Some of the criteria listed in determining whether a gain is from income or capital include:

  • Nature of the property sold (raw land on outskirts of city for example more challenging to realize rental income)
  • Length of period of ownership (the longer the more likely intended for long-term ownership/realization of rents)
  • Frequency or number of other similar transactions (your past is an indicator of your future)
  • Work expended on or in connection with the property realized (efforts to make property more saleable or efforts to sell property/find buyers)
  • Circumstances responsible for sale of property (emergencies such as health concerns or need for cash, or opportunities such as an unsolicited offer)
  • Motive (the intention of the taxpayer at the time of acquisition primarily weighed by the facts of the case and further noted as the most important of all criteria, i.e., did the taxpayer intend on making profits from rental income or sale proceeds)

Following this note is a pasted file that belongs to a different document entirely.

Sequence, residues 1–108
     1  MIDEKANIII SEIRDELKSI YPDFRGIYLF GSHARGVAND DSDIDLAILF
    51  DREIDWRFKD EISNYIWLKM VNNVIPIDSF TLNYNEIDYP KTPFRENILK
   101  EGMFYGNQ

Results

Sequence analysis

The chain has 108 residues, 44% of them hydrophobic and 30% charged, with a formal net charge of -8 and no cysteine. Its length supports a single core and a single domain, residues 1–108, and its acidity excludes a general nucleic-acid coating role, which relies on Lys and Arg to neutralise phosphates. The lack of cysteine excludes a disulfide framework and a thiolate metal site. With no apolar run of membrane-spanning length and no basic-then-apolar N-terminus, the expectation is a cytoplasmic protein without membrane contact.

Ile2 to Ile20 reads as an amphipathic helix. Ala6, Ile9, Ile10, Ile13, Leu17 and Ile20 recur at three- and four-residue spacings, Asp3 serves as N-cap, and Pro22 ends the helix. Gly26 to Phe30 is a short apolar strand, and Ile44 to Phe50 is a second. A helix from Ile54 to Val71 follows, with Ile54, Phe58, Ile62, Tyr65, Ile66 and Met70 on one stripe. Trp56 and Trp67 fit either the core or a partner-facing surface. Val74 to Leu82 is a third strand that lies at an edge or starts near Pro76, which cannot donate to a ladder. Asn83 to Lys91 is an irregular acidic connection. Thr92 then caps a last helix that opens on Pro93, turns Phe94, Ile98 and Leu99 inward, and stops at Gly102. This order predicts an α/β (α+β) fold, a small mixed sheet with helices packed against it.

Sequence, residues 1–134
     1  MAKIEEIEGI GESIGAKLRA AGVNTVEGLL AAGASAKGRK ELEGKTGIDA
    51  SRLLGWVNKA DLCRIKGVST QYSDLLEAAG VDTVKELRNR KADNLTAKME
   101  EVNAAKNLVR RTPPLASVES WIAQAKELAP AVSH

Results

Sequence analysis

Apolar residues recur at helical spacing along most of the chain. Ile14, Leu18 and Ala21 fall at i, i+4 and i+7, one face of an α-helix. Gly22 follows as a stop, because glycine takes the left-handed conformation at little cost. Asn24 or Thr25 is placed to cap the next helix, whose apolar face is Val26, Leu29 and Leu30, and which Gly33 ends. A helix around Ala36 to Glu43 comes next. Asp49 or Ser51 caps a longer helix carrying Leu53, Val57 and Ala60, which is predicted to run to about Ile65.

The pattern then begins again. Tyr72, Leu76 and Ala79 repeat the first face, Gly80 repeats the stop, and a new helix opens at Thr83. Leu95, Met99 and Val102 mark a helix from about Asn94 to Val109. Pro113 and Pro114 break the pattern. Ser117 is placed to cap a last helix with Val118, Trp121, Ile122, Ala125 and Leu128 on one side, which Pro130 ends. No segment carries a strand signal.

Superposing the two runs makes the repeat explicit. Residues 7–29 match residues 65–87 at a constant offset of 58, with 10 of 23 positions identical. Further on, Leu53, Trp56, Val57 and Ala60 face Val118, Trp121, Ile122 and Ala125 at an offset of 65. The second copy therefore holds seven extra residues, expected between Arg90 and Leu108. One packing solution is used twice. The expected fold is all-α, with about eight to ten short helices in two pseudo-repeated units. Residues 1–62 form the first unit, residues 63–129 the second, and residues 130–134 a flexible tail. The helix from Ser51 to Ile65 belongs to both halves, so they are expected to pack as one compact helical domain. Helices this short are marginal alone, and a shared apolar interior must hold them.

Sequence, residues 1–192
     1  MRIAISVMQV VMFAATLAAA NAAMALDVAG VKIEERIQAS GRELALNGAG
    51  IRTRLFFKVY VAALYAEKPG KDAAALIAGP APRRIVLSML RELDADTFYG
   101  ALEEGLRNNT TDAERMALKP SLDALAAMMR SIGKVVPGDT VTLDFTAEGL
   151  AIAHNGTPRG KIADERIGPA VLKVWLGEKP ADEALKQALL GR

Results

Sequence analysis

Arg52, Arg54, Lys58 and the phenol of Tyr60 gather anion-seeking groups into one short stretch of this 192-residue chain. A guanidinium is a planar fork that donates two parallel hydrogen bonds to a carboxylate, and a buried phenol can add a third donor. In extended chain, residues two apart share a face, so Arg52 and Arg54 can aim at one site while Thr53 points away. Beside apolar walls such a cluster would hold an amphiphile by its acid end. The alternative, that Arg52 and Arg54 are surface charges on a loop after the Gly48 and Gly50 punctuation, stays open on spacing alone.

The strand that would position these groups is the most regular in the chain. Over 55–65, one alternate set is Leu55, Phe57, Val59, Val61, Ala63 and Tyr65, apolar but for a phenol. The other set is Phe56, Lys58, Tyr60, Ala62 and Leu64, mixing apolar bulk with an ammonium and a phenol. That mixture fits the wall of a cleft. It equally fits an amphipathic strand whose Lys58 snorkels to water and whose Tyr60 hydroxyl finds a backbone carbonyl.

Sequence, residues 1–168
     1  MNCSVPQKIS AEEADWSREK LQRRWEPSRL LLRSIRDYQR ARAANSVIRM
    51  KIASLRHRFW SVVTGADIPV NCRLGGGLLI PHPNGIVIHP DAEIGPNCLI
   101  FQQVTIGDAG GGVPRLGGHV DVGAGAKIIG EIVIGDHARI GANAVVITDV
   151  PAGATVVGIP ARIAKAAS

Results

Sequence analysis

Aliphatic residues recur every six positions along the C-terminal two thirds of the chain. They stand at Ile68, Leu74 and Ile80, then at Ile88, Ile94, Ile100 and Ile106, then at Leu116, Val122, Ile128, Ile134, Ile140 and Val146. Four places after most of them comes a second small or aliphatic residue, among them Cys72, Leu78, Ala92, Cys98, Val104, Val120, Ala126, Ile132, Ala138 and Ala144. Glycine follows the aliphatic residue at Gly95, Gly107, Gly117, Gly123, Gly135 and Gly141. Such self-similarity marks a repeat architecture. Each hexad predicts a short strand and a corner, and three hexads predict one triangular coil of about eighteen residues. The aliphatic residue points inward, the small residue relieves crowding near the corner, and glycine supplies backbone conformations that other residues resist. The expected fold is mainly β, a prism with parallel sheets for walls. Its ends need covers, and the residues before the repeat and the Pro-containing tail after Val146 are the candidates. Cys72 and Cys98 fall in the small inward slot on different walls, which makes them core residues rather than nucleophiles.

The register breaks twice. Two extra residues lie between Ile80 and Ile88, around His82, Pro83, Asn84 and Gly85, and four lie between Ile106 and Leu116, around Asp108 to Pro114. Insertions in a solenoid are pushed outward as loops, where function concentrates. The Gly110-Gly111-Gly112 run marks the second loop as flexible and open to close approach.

Intention’s evil twin: Secondary intention

We often speak about intention and its importance in determining whether a sale should be treated as capital vs income. What was your intention on purchase of the property? To sell it? To rent it?

Intention however has what I call an evil twin–the concept of “secondary intention”. This essentially covers whether you, at the time of acquisition, had a secondary plan of selling the property if the first intention of renting the asset fails to be realized for whatever reason. I’ve yet to meet a serious investor who hasn’t considered a worst case scenario of selling a property – which is why I call secondary intention the evil twin.
So, then, you must ask whether this “alternative” thought process was important to the decision in originally acquiring the property.

Belcourt wins: Reliable records and integrity rule

Overall, the judge specifically noted that the CRA failed to properly argue the criteria of secondary intention. The judge viewed the taxpayer and witness testimony as credible, and ruled in favour of Belcourt. Although each side presented many facts and had the opportunity to win or lose, proper real estate accounting and record keeping allowed Belcourt to confidently make the arguments needed. In addition, Belcourt’s integrity was a key aspect of their ability to win their case.

10 key lessons for real estate investors from the Belcourt case